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Old 11-23-2011, 10:11 AM   #1
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Heating Vents to upstairs in home


What is the affect of closing heat vents to the second floor of a home?

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Old 11-23-2011, 10:59 AM   #2
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Heating Vents to upstairs in home


it would save on your heating and cooling costs

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Old 11-23-2011, 11:41 AM   #3
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Heating Vents to upstairs in home


well, heat rises so I would say that the effects would be minimal.....are you lacking heat on the first floor?
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Old 11-23-2011, 12:11 PM   #4
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Heating Vents to upstairs in home


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it would save on your heating and cooling costs
Not really.....
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Old 11-23-2011, 12:40 PM   #5
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Heating Vents to upstairs in home


I doubt that it will reduce heating costs significantly, but heat does rise, so, depending on such things as duct size, floorplan, etc., if can result in more even distribution of the heat. This can be particularly true in older homes, or in homes in which attic space has been converted to living space.
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Old 11-23-2011, 12:54 PM   #6
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Heating Vents to upstairs in home


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Not really.....

I agree. You wouldn't see a difference unless the system was zoned and the zone was closed.
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Old 11-23-2011, 01:42 PM   #7
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I agree. You wouldn't see a difference unless the system was zoned and the zone was closed.
Or replacing a furnace or other parts early that has been bouncing off the high limit.....
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Old 11-23-2011, 01:43 PM   #8
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Heating Vents to upstairs in home


if you can actually shut the second floor discharge riser and return on the duct work you would have to save on the heating rising heat or not ..shutting the registers you ar still pressurizing the duct and thats a waste of heated air cut it off asap above the first floor..if your anything supply fan is MED LO might want to drop it to LOW speed wire flip at the motor into the control board if you have one for the heating if you lock out the second floor risers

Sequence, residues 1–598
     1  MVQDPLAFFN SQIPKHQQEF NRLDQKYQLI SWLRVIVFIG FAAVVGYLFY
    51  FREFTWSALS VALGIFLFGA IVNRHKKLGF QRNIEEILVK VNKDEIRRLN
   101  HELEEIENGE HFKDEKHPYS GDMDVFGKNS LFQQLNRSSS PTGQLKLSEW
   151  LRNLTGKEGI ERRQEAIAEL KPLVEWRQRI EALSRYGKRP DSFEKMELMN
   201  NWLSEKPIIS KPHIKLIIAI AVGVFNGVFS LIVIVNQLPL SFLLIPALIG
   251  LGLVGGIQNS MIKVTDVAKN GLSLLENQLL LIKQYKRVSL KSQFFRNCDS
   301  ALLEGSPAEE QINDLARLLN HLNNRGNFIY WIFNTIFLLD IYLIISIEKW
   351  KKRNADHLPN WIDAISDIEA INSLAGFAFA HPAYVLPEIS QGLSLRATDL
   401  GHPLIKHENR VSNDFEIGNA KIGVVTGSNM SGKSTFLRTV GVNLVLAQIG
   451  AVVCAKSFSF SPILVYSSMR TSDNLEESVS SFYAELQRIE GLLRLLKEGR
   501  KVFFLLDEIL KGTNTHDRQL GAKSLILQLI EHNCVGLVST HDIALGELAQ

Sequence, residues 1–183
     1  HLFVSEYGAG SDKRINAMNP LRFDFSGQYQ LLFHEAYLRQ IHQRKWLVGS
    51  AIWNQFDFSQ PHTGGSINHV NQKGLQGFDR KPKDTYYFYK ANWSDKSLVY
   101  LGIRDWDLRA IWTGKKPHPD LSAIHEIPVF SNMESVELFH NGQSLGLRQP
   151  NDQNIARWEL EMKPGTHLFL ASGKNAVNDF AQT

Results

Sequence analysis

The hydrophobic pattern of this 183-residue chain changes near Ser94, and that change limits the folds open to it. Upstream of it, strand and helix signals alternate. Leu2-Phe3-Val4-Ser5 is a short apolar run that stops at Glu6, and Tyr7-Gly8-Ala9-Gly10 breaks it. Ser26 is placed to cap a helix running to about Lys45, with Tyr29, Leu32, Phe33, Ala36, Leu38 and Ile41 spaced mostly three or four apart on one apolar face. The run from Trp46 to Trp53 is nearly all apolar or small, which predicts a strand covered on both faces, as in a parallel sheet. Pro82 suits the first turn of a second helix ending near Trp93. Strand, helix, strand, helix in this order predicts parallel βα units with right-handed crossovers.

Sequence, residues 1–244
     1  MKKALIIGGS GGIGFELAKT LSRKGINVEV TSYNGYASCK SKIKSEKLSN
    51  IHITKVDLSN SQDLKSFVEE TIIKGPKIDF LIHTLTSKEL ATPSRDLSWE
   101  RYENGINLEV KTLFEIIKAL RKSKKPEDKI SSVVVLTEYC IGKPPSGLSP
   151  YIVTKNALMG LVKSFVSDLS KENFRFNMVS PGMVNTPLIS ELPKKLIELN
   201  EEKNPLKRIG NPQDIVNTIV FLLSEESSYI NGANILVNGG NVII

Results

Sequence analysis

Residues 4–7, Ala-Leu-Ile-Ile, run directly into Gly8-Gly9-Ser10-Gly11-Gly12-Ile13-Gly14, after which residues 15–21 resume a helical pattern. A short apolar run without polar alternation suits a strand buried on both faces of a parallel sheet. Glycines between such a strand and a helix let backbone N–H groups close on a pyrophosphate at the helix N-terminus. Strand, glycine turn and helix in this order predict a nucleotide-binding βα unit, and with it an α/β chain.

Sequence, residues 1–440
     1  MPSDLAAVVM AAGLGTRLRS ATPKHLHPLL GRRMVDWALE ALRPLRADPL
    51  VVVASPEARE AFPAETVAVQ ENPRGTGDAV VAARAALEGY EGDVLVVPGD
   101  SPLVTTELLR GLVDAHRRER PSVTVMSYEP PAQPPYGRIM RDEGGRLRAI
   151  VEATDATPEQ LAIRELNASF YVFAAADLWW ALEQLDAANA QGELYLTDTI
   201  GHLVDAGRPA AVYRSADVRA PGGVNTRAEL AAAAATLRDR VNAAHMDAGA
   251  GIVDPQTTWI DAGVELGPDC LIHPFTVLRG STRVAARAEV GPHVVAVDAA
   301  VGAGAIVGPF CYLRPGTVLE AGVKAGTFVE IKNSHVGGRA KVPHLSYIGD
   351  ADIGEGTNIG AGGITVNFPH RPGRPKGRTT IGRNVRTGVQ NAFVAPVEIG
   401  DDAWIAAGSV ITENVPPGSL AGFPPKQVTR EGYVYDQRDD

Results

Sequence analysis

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Old 11-23-2011, 02:45 PM   #9
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Heating Vents to upstairs in home


We have one upstairs 12x8 bedroom in converted attic space. It has two 5" supplies through wall registers. It gets hot up there in summer, so these were installed as part of original A/C system. But now we have heat pump for winter heating.

I have been in two minds about closing the registers. They come right off the attic run trunks - no more that a foot or so of duct. I was concerned that we would have too high a flow through other eight registers which are already a bit noisy. I also thought sp might go up and make blower noisier (it has ECM motor and maintains cfm regardless!)

But my wife did it anyway and it seems OK. We have door to room closed, so only area warm air from below collects, is at top of stairway which has minimal heat losses. There is another bedroom below the attic room, so attic room gets partly heated from below and from upstairs hall walls. It seems to stay warm even with registers closed (but they always leak a bit)

It doesn't do any harm to experiment, so go for it!

PS: I would expect to save on heating costs if temperature in room is reduced when registers are closed.
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Old 11-23-2011, 03:16 PM   #10
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Heating Vents to upstairs in home


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PS: I would expect to save on heating costs if temperature in room is reduced when registers are closed.

You would expect wrong. All you are doing is inviting the cold closer to the unit, permeating the envelope the system was designed to absorb.
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Old 11-23-2011, 05:01 PM   #11
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Heating Vents to upstairs in home


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You would expect wrong. All you are doing is inviting the cold closer to the unit, permeating the envelope the system was designed to absorb.
Say again???

I am not sure quite what you said, but by doing what we have, we have reduced the heat loss from the house. I would expect that should reduce heat losses.

BTW - Try to be a bit more polite in way you answer.
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Old 11-23-2011, 05:06 PM   #12
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Heating Vents to upstairs in home


I am planning on shutting of the heat to the second floor of a building as I remodel this winter. Good tips. Thank you. Milo Maine
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Old 11-23-2011, 05:13 PM   #13
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Heating Vents to upstairs in home


Just make sure enough heat 'rises' to make sure no pipes freeze and theres not enough condensation on finishes to promote mold.

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